80 Walking 300 Kilometres For Solar In South Australia

A 300 kilometre walk is under way to raise awareness and support for the construction of solar thermal power generation facilities in Port Augusta, South Australia.
Port Augusta is at an important crossroads. Two of its coal-fired power stations are closing for good and the opportunity of new facilities using renewable energy is ripe.
When households and businesses outside of Port Augusta flick on a power switch, they likely give little thought to where that power has come from or the people of Port Augusta. Electricity generated there is derived from burning brown coal, the filthiest of fossil fuels, which is mined at Leigh Creek, 250 km to the north.
Analysis by Doctors for the Environment of health data for the period 1998-2007 showed the incidence of lung cancer in Port Augusta to be 1.45 times the expected rate and for 2007-2009 twice the expected number. 
While brown coal’s days are numbered there, its legacy will remain – and the spectre of more fossil fuel based electricity generation looms large in the form of natural gas.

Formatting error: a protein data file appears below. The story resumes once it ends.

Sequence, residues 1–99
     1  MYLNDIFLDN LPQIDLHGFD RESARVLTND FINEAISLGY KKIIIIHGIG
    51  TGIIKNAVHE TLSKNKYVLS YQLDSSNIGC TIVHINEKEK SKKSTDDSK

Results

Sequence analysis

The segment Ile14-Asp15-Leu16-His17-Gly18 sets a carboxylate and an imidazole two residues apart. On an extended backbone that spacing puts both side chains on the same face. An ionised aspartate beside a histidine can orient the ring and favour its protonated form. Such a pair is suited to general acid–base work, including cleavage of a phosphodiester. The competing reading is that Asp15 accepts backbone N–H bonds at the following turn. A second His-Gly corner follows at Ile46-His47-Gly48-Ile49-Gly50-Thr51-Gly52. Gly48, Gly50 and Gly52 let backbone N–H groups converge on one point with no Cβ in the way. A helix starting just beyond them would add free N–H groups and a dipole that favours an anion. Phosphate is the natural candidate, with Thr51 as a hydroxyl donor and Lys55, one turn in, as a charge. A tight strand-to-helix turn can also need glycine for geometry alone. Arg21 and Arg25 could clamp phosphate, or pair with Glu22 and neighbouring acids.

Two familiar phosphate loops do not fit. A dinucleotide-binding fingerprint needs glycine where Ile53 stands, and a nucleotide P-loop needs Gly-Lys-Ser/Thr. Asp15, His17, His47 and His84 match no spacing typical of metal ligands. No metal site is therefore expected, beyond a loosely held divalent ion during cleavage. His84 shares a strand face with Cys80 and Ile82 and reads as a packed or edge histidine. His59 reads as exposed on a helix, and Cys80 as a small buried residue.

However, the local council, community, businesses and even the power companies all want solar – but it will require a helping hand at the Federal Government level.
As part of the Repower Port Augusta campaign, around 80 people are currently walking 300km from Port Augusta to South Australian Premier Jay Weatherill’s door in Adelaide, in an attempt to not only highlight the prospect as a state issue, but a national one. The group are expected to reach their destination at the end of this month.
According to the Repowering Port Augusta report released earlier this year by Beyond Zero Emissions, establishing a solar thermal based power generation facility in Port Augusta would create 1800 jobs, avoid millions of tonnes of carbon dioxide emissions, help address some health problems in the area; as well as providing the clean, baseload power needed to fill the gap that will be left by coal.